I love cute things! Here are 2 young he-goats that lived outside our window for a few days. Until they were naughty and got sent away again. (They were being considered as a farm project for little kids, but turned out to be a bit too aggressive and GOATISH to work out.)

Some cute sites that have been pointed out to me: This site almost makes me want to break my personal ban on posting photos of family members and pets online. Cuz our kitties could be part of this awesome project... and they are PRETTY CUTE!

Bambi & Thumper Oh my gosh, so cute. Could these photos be REAL? Gulp. Just what it says. Brace yourself for it... then click.


A few selections from my life list of interesting passages:

"I also discovered that she considered herself a connoisseur of Modern Art. She blazed with anger at me when I said I doubted that the appreciation of a green stripe across a blue background had any connection with its definition in a glossy catalogue as 'producing a virtually Oriental atmosphere of spaceless time and timeless space.' She accused me of trying to wreck her entire view of the world by maintaining--in a facetious vein, she hoped--that only a Philistine misled by solemn imbeciles paid to write about exhibitions could tolerate rags, rinds, and fouled paper rescued from a garbage can and discussed in terms of 'warm splashes of color' and 'good-natured irony.' But perhaps most touching and terrible of all was her honestly believing that painters painted 'what they felt'; that a rather rough and rumpled landscape dashed off in Provence might be gratefully and proudly interpreted by art students if a psychiatrist explained to them that the advancing thundercloud represented the artist's clash with his father, and the rolling grainfield the early death of his mother in a shipwreck."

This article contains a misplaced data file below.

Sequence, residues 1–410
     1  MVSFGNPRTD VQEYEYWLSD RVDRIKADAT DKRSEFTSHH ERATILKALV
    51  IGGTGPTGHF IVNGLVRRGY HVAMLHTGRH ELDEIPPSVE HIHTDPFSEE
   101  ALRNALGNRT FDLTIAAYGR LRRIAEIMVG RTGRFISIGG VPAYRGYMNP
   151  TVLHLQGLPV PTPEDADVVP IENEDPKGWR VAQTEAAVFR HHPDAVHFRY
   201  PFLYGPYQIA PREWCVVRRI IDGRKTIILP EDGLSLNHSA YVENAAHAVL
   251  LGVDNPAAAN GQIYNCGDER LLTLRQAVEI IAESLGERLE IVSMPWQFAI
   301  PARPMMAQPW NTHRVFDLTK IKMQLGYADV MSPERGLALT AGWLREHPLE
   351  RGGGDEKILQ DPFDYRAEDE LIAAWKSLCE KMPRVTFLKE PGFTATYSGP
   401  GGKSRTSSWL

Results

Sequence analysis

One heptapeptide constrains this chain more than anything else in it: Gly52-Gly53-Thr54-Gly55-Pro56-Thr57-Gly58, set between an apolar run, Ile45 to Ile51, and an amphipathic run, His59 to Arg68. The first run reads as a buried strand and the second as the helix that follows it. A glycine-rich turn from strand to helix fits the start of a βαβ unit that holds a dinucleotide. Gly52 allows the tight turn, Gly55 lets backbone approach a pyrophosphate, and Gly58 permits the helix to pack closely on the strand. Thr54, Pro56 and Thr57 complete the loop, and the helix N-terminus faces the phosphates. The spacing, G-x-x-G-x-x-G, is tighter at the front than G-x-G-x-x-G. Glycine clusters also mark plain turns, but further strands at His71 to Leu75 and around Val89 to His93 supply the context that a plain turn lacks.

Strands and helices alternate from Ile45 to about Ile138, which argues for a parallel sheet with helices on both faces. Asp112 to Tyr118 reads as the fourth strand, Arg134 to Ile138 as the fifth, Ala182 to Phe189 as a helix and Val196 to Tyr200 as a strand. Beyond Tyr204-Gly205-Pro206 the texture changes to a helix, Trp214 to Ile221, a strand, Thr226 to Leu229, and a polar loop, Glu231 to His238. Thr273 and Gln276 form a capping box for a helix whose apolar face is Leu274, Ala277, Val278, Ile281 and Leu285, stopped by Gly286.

--Vladimir Nabokov, Look at the Harlequins, Pt. 4, Ch. 6

"Howard remembered his hours alone playing in the woods when he was a boy; back then he was what Mr. Redfern, the human sciences master, had called an 'animist.' He saw a spirit in every tree, worshipped a local deity at every clearing, ascribed human associations to flowers--the four pure white petals of the bunchberry flower, worthy of a diplomatic sash, each petal mitered like a bishop's hat, the four composing a cross of Malta around the stigmas and anthers clustered at the center like tiny diamonds mounted at varying heights on slender stems."
--Edmund White, "Pyrography," Skinned Alive

"Some people have fear but some have confidence instead. Which do you have? You're not confident, I know that. I know that, because actually no one has confidence. The most confident men and women you know--they haven't got confidence. No one has. Everyone has fear instead. (Unless they have that third thing, which men call madness.) They fear they are a secret which other people will one day discover. They fear they are a joke which other people will one day see, which other people will one day get.
--Martin Amis, Other People, Ch. 10

"'"By the time a novelist worth his salt is thirty-six, he's no longer translating experience into fable--he's imposing his fable onto experience."'"
--Philip Roth, Deception

"It was not the first time in our mountaineering life that the weather had taken a malicious pleasure in smiling after threatenings. How many defeats have been due to these morning storms that have panicked us and made us retreat, and then dispersed like smoke in the middle of the day! Never is it so fine as when one has given up!"
--Raymond Lambert, "The Longest Day" (1952 Swiss Everest Expedition), from The Mammoth Book of Eyewitness Everest, ed. Jon E. Lewis.

"'I lived in a world of my own imagination. When I grew older I began to notice the people around me. I saw that there were two kinds--the bright and the stupid--and I decided that I would choose the bright ones for my friends. Later on, I was disappointed in them. Clever people are not always kind. Sometimes they are quite cruel. And the stupid ones very often are kind.'"
--William Maxwell, The Chateau